How To Meet Functional Safety Requirements With Built-In-Self-Test

Aligning IC test and functional safety metrics for ISO 26262.


With the rapid growth in semiconductor content in today’s vehicles, IC designers need to improve their process of meeting functional safety requirements defined by the ISO 26262 standard.

The ISO 26262 standard defines the levels of functional safety, known as Automotive Safety Integrity Level (ASIL), and is a mandatory part of an automotive system design process. The ASIL categories range from A, for the least safety-critical applications, to D, for most critical applications. For example, an in-car infotainment system will have a different ASIL requirement for ISO 26262 certification compared to an automated braking system (Fig 1).

Figure 1: Definition of ASIL classification based on application.

Achieving the required ASIL level requires extensive simulation to analyze the design for potential random faults that could occur within the design and impact its safe function. This process is similar to the fault simulation process already commonly used in the design-for-test (DFT) domain. However, in the context of functional safety, not all faults are equal and this leads to differences between our DFT metrics and our functional safety metrics. There has been no easy way to align the two different metrics. Now, designers can leverage logic BIST (built-in-self-test) to get accurate functional safety metrics to meet the ISO 26262 requirements.

Meeting functional safety requirements

The ISO 26262 automotive standard requires automotive IC designers to add specific circuitry in their designs called safety mechanisms to detect both static and transient faults during vehicle operation, then either respond or shut down safely. Safety mechanisms can take several forms, depending on the application (Fig 2). The selection of a particular safety mechanism requires good design knowledge but can be facilitated through the use of design automation tools. The use of automated software is becoming more widely adopted as part of the safety design process and functional safety design flow.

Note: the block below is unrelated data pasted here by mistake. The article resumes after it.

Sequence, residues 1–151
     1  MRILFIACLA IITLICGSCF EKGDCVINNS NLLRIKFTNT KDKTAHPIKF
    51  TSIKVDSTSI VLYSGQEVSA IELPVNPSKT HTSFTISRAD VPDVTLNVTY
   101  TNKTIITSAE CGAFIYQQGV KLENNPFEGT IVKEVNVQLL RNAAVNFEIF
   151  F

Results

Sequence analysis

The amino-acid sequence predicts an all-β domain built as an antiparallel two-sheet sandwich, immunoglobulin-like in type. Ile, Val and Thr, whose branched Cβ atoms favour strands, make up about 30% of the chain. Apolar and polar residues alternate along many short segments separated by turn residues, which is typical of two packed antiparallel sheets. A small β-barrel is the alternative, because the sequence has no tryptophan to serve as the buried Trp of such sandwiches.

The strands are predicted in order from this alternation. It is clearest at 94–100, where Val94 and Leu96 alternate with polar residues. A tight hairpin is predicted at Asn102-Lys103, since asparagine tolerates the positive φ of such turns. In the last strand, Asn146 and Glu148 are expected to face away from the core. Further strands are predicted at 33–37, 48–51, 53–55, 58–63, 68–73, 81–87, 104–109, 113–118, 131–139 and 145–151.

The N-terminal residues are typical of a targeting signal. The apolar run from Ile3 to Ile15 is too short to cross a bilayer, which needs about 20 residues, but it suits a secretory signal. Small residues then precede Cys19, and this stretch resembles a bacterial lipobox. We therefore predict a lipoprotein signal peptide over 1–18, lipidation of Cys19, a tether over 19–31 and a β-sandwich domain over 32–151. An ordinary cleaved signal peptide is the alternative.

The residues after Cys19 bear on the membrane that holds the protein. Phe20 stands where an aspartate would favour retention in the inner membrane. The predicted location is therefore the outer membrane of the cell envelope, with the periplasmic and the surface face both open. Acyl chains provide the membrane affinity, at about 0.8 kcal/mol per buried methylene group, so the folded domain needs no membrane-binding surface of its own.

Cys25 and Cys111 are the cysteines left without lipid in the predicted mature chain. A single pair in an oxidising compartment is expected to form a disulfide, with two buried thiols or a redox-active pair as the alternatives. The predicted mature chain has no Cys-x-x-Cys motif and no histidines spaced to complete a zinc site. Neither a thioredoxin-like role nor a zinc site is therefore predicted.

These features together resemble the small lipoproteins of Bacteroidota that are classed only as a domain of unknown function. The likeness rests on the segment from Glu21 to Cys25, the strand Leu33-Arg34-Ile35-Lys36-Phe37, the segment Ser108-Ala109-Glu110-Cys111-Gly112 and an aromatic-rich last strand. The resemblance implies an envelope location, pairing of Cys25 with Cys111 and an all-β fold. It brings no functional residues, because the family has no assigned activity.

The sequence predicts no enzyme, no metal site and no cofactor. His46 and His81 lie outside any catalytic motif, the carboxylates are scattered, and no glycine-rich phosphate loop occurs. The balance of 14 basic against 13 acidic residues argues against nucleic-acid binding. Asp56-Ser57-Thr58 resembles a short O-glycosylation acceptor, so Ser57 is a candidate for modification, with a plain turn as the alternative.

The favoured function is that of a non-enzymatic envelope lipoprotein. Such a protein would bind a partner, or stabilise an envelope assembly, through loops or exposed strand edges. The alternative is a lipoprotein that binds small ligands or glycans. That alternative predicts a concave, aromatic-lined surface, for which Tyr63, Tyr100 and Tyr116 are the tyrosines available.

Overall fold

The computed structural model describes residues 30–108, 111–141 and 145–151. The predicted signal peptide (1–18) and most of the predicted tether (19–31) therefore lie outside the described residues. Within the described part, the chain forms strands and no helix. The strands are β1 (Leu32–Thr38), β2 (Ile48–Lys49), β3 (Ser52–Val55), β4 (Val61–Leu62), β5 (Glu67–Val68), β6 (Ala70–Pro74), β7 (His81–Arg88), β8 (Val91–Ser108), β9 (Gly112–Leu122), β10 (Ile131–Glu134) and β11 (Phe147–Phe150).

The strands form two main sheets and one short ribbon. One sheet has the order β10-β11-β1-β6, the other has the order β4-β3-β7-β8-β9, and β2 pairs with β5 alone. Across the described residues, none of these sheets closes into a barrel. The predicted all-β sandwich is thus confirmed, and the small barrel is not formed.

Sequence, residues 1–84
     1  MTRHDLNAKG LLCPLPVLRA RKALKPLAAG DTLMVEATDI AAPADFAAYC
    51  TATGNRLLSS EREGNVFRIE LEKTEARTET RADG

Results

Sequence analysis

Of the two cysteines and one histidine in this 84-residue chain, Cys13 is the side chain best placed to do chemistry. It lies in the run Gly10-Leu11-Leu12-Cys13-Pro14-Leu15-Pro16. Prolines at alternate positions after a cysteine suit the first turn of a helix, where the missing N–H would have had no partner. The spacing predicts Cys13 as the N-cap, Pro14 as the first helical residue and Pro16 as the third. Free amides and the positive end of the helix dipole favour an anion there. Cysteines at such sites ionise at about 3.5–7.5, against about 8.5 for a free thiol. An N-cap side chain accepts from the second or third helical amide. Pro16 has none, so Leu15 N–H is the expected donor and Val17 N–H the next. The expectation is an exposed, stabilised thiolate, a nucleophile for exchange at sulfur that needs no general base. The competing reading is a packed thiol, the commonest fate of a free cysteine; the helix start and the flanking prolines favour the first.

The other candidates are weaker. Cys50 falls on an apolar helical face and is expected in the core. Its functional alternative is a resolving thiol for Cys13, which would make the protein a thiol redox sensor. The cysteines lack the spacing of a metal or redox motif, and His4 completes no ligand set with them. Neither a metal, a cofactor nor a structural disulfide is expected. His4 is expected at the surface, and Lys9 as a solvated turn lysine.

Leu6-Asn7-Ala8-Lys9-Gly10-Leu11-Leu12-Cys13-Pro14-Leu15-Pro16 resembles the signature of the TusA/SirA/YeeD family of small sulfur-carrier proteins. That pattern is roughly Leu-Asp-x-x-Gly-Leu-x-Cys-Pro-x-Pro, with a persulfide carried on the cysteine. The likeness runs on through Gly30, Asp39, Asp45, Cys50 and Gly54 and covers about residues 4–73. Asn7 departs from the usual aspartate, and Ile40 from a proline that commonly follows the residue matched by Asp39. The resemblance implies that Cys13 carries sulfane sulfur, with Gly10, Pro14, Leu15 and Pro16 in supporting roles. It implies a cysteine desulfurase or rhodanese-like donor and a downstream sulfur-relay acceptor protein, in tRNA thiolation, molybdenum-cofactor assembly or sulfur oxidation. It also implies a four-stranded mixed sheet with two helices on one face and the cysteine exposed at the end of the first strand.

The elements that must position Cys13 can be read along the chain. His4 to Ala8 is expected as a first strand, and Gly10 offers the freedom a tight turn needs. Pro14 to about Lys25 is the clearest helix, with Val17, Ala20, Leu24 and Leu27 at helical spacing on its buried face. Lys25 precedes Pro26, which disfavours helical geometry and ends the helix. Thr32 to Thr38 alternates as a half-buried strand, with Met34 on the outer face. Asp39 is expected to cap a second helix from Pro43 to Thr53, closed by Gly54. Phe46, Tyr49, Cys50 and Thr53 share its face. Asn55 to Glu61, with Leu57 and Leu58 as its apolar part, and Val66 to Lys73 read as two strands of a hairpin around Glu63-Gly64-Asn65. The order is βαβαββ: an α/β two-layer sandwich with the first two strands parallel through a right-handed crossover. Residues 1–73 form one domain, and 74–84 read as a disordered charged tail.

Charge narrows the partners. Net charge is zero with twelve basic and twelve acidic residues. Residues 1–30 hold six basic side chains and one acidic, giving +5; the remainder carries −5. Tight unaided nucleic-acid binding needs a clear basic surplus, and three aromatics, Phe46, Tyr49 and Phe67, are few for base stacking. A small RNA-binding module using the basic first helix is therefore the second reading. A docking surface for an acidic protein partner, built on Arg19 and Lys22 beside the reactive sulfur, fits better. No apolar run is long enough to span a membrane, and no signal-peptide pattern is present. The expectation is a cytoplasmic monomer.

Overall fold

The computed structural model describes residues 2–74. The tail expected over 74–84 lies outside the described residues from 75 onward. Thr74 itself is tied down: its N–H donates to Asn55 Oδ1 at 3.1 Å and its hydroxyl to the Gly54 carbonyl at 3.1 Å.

Figure 2: Chip-level implementation of different functional safety mechanisms.

The ISO 26262 standard provides guidance on the effectiveness of many common safety mechanisms. The selection of a safety mechanism requires a trade-off between several factors:

  • Coverage – The effectiveness to detect defects/faults
  • Test time – The time required to execute the test to detect defects/faults
  • Silicon area – The impact to die area required to implement the test
  • Disruption – The amount of disruption the test causes to normal operation
  • Correction – The ability to detect and/or detect + correct faults

Safety mechanisms like duplication/lockstep (DCLS) and logic triplication (TMR) have a substantial impact on silicon area, power, and cost. As a result, designers frequently look to circuitry that can be used for both functional safety and manufacturing test, including structures such as logic BIST and memory BIST.

Logic BIST, which is often already implemented on-chip as part of the manufacturing and in-system test requirements, allows automatic test equipment (ATE) access through the IEEE 1149.1 TAP controller, from which the tests can be run and monitored (Fig 3).

Figure 3: BIST infrastructure in an automotive design.

Logic BIST can be used as part of a hybrid approach with scan ATPG compression where the two different test systems share much of the same logic structures (Fig 4). They can also use the same scan chain structures implemented in the design for manufacturing test. Logic BIST has the advantage of being able to generate test patterns internally, making it a good solution for an in-system test solution that can be used as a functional safety mechanism.

Figure 4: Hybrid ATPG / logic BIST controller architecture.

While logic BIST usually can’t reach the same test quality and coverage as ATPG without the addition of test points in the design to help the detection of random resistive faults, it is an extremely effective safety mechanism. Logic BIST can provide very high diagnostic coverage (DC) for the logic under test and is an automated solution that is comparable, if not better, than a custom safety mechanism.